The Witch of Plum Hollow - My Weekend Adventure
(c) Shannon Parsons 2004

Some adventures just beg to be shared and I feel this is one of them. This past weekend, myself and five friends decided to go on a weekend get away to the Opinicon Resort on the Rideau Canal. The night before we left, my neighbour did a search on the net for Opinicon and discovered that the resort is near an old Ghost Town- that was once called Lake Opinicon. The town, once a thriving place, eventually disappeared, leaving just a schoolhouse to mark its existence. Legend states that there are ghosts who haunt the lake (where the resort is located) and that the resort itself has been known to be haunted. So, we were pretty excited at the news of what we considered a bonus for our trip!

Once at the resort, we inquired with several staff about the actual location of the original town, but no one seemed to know anything about it- or they weren't talking. One woman actually snapped "No!" when we asked her if she knew anything. It was weird. Then, finally, we asked a woman who worked at the tuck shop about the ghost town and she started talking about the local folklore. She asked us if we had ever heard about the Witch of Plum Hollow- which is a nearby town. Apparently, the Witch, Elizabeth Barnes, was a psychic who lived in the 1800's and was consulted by many people from all over- including the New York State. Although she couldn't give us specific directions to the house, she was sure it was still standing. She said if we went to Athens, a town along the way, we would be able to ask around and discover its location. This totally peaked our curiosities and we decided we would definitely set out to find the Witch of Plum Hollow's house the next day.

In the morning, we headed for Athens. Once there, my neighbour talked us into going to the Steadman's Department store instead of the Tourist Centre, because she had a feeling about it. We met the owner of the store right away and began explaining what we were looking for. Then her husband, Giles, came in and graciously offered to take us right to the house! We couldn't believe our "luck"- it was like something out of a movie. So we got in our cars and followed him in his truck out into the country until we came upon the old homestead.

It is basically a very tiny log cabin which looks like it is about to fall down any day. The property is for sale (by her family) and the Royal LePage sign out front actually says "Witch of Plum Hollow 1843 Homestead" on it! Giles told us that Elizabeth's family had put a historical plaque outside the home to tell people about her. Unfortunately, someone had removed it from the stone it was on. We had a beer on the side of the road with Giles, thanked him for his hospitality (small towns are awesome!) and then he left us to investigate the property.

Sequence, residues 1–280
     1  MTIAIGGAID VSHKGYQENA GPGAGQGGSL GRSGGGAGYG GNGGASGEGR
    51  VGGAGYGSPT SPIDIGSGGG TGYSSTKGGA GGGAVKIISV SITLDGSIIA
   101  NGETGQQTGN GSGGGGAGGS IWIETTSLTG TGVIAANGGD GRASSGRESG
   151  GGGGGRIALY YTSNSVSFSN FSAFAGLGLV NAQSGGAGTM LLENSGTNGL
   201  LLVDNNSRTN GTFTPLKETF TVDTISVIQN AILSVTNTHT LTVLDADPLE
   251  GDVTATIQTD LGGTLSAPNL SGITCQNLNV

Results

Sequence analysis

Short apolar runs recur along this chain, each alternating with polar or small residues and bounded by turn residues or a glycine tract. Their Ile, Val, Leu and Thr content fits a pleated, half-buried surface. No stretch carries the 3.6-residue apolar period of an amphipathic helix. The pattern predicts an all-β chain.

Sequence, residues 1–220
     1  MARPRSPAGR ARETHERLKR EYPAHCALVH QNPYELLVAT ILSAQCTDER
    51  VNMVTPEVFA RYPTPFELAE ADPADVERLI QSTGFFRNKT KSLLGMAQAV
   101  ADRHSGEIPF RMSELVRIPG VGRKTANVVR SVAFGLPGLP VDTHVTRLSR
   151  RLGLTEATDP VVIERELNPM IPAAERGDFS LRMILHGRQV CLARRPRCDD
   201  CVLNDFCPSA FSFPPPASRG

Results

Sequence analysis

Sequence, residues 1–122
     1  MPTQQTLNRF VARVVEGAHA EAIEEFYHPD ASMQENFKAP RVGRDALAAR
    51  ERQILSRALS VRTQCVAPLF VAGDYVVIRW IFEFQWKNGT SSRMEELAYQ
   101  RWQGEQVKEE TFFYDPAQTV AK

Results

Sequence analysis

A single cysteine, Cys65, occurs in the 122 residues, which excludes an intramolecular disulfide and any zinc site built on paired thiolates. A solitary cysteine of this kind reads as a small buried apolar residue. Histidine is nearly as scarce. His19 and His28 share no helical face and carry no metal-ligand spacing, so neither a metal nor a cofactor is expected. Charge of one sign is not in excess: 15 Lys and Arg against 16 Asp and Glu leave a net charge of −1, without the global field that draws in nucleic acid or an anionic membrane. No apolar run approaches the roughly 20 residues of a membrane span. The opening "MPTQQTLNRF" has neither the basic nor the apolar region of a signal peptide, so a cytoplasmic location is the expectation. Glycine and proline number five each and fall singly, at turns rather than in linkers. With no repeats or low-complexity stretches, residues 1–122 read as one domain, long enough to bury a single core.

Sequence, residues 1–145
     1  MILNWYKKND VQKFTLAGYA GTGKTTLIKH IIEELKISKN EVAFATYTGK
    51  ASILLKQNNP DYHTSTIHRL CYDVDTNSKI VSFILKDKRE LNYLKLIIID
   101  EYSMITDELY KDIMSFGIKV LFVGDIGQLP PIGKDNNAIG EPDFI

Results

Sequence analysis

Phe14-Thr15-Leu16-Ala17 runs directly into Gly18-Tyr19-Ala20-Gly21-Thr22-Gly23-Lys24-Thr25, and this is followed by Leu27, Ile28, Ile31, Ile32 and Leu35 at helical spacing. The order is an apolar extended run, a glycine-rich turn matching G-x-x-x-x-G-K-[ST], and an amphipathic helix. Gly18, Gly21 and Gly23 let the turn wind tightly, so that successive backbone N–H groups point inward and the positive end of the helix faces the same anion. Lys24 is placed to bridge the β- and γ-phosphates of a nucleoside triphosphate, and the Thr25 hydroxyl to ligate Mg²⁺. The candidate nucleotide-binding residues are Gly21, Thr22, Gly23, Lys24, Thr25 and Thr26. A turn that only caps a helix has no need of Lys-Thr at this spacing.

When we got back to Ottawa that night, my neighbour and I looked Elizabeth Barnes up on the net and got some very interesting information about her. She was born in Cork, Ireland in the year 1800. It is rumoured that she was the seventh daughter of a seventh daughter, which apparently was her explanation for her amazing clairvoyant talents. In her early 20's she married an Irish sergeant and moved to Canada where they had one son. Her husband died and so did the son- much later during the Civil War.

A young widow- Elizabeth decided to remarry. Her new husband, Mr. Barnes was a shoemaker by trade, and they had nine children. In 1843, they moved to the Plum Hollow homestead. Years later, Mr. Barnes chose to leave her to move to Smith's Falls- taking two of their children- and leaving her to care for 7 kids on her own in the tiny house. Needing to support her kids, she decided to do more of her "fortune telling" for additional income. She would do readings for 25 cents each and she earned a great deal of respect as a very wise seer- drawing people by horse and carriage from as far away as New York State. Even Sir John A. MacDonald went to Elizabeth for consultation!

Most notably, she helped solve a local murder, aided farmers in finding their lost livestock and helped locate a buried treasure. She apparently lived to be over ninety years old and is now buried in an unmarked grave in Sheldon's Corners.

It was quite an adventure and I think the photos speak for themselves. There was an amazing energy about the place. It is not often you come across such an interesting piece of local history- especially one steeped in mystery of the esoteric kind!


Legends Told in Canada by Edith Fowke 1994 R.O.M.
Leeds and Grenville Their First Two Hundred Years, by R. McKenzie 1967 McClelland and Stewart


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This page was created August 29, 2004 and updated April 11, 2006.